Rest in Peace amala, my old Mummy, who always told me that I didn’t treat my husband right, whose company I adored. (If one could explain the art of witty, acerbic conversation in Yolŋu-matha, and the skilful play on words, switching across and back between languages.) Countless hours together in company under the mango tree, weaving, talking, smoking and drinking tea (and amala would often break into song, so quietly, half facing away). She taught my dhuway what it meant to be a son-in-law and he duly avoided her as his mokul, sending gifts and care through his galay, my brothers and sisters. She was my amala and I was her waku.
It was amala’s Mother’s country that I came to call my own. It was her father’s country that we footwalked to, to scour the rocks for oysters. To stop in the dry and rest. I was never the most adept hunter, or gatherer, for that matter, and so often stayed behind to look after amala (her brain already slightly gapu-mirri). Chattering away even when I dozed off. Sometimes amala mistook the shower for a toilet and sometimes I’d wake up just in time to catch her trying to light a fire inside to keep the sandflies from biting me as I slept. One could only half sleep, but I so loved this time that we spent together.
‘Writers imagine that they cull stories from the world. I’m beginning to believe that vanity makes them think so. That it’s actually the other way around. Stories cull writers from the world. Stories reveal themselves to us. The public narrative, the private narrative — they colonize us. They commission us. They insist on being told. Fiction and non-fiction are only different techniques of story telling. For reasons I do not fully understand, fiction dances out of me. Non-fiction is wrenched out by the aching, broken world I wake up to every morning.’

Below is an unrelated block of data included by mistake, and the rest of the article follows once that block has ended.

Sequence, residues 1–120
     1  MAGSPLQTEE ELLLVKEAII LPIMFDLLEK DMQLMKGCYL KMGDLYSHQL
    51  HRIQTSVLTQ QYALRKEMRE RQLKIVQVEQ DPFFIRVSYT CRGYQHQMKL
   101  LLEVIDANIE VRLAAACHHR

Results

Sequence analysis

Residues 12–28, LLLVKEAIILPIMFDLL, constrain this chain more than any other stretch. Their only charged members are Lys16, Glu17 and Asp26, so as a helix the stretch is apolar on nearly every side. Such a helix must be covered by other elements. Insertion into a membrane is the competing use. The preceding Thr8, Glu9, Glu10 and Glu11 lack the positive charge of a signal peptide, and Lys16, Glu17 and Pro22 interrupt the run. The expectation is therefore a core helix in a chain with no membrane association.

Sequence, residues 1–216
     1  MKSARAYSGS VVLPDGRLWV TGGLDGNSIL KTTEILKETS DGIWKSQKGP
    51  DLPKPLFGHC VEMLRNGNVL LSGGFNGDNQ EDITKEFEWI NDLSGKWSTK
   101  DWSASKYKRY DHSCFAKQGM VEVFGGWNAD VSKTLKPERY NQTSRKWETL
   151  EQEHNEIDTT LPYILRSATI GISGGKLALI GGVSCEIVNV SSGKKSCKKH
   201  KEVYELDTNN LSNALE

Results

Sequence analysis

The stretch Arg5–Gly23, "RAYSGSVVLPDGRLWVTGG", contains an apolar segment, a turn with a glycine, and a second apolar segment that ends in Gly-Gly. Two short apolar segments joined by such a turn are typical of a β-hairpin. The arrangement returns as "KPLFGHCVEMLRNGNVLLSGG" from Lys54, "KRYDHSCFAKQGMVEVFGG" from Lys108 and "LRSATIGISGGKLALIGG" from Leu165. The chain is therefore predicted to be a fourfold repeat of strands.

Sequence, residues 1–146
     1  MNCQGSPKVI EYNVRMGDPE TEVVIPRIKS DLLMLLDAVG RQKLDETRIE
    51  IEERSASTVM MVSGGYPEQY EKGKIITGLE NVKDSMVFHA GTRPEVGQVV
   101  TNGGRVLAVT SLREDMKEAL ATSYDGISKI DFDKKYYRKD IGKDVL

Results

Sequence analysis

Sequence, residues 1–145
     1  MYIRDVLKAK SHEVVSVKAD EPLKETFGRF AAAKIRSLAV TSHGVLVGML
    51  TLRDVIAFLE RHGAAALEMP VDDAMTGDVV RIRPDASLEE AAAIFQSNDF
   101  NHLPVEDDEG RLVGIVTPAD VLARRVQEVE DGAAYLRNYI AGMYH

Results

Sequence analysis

The full text can be found here.
Incidentally, Arundhati Roy is also (as I have learned only recently) a seriously impressive ethnographer. The featured image was taken while she was doing research for what became her recent book, ‘Walking with The Comrades.’ You can read an excerpt from this book here or alternatively listen to Arundhati read the excerpt herself – which I highly recommend – featured as a podcast (#11), here.
I’ve not been able to play the guitar for a long time now. And I am quite enjoying it muchly.
It’s that time of thesis writing where I need to put in 10am-10pm hours to submit. I have my swag rolled up under my desk and have just returned from a weekend visit to Kyneton where my brother, his partner, my little niece, and their little dog Lotte live. They have very kindly offered to keep ŋarraku beloved wuŋgan (‘my beloved dog’) company while I put these long hours in in the office.
This is a brief note on driving back to Canberra while listening to music very loudly in one’s ears. Who says our life is not a music clip. The song in this clip is Invite Me by Adalita, from her first self titled album.